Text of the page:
I’ve got a Twitter account called @Bulgerontrial. I rarely go to it. The other day because of things happening in Ukraine I went there to tweet, if that’s the word, a couple of comments on the #maidan site. While there I saw that David Frank of Mass Lawyer’s Weekly was tweeting from the hearing on the Probation Officer O’Brien case. His site is @davidfrankmlw. He also tweeted the Bulger trial and I found his perspective on the trial to be very good in that he gave a full and frank (no pun intended) view of the case without being biased one way or the other. I’d recommend he be followed if you are interested in the probation case. I plan to do so.
One tweet he posted today read: “Nothing’s happened to change my opinion hat feds will seek death on #tsarnaev. Only q now is when decision will be made public. i/31=dealine.”
I responded to him: “Dave, Hope you are right. However appearance of victim at State of Union may be cover for not doing it.”
When I read this: “Bombing survivors invited to State of the Union” I had a sinking feeling in my stomach. The article noted: “Bauman — the 27-year-old who lost both legs in the attack — and Carlos Arredondo — the 53-year-old wearing a cowboy hat who wheeled him to safety — will be there for the speech.”
As far as Dzhokhar (pronounced Joker) Tsarnaev is concerned there is no reason in the world for him not to face the death penalty. That doesn’t mean he will be executed, it just means a jury will decide whether he deserves to be put to death if he is convicted of setting off the terrorist bombs that murdered three people and maimed hundreds of others.
That means that after the trial if he is convicted of the murders evidence will be presented to the jury that convicted him that will point to reasons why he should not be executed. The issue of guilt will not be considered; only the issue of punishment. Dzhokhar will have a chance to put forth his reasons why the appropriate punishment is not death such as his age, although I’ve noted we have much younger men dying in combat to keep our country free, or his misguided understanding of his religion, or the extraordinary influence his brother had on his actions, or whatever other mitigating reasons he can come up with.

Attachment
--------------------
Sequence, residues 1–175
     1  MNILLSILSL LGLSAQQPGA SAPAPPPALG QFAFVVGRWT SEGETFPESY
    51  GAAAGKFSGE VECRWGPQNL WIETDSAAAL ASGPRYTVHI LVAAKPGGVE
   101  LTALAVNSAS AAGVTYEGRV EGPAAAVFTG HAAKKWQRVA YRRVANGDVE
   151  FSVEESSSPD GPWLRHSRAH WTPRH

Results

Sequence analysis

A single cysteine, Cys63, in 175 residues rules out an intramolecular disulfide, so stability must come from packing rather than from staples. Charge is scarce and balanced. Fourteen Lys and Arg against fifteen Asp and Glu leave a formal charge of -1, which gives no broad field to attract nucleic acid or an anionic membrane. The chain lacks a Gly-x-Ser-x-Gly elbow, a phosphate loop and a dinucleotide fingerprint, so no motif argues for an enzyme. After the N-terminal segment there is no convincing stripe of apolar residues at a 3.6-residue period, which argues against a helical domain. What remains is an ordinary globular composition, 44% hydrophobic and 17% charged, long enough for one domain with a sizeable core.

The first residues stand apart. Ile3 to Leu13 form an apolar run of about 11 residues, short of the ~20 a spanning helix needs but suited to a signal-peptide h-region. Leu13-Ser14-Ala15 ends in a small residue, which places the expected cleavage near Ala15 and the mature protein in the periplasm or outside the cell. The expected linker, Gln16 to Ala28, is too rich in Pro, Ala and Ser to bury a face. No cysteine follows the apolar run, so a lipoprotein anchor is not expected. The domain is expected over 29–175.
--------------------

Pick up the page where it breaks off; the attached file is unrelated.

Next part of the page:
Attorney General Eric Holder should have come to that conclusion a long time ago. We should not have people we call terrorists who murder people by setting off bombs in a crowd not face the death penalty. That seems to be as simple as things can be.
But the gut feeling I got when reading about the invitees is caused by my instinctive distrust of some political acts. I guess I should look up the definition of cynic (“a person who believes that people are motivated purely by self-interest rather than acting for honorable or unselfish reasons”) since that seems to be my general attitude when it comes to politicians. Especially Obama as you know from my puzzlement of his silence on Ukraine.
There is no doubt that Attorney General Holder has decided this matter. (Dave Frank noted that a document under seal has been filed with the court.) Nor is there any doubt that President Obama knows of his decision and has most likely had input into it since it is unlikely Holder would decide this without consulting him.
Now if the president and attorney general do not have the basic courage and integrity to require a person accused of terrorism and murder face the death penalty they will need some cover. What better way to do it than to bring a couple of victims to the State of the Union speech? Sort of like the actor Bill Clinton biting his lower lip to show faux remorse.
Not having Tsarnaev face the death penalty will be an invitation to a circus and diminished the lives of those killed by terrorism. I know that I should stop being cynical. There’s no way Holder would do otherwise than put the death penalty in play. I guess David Frank must be right.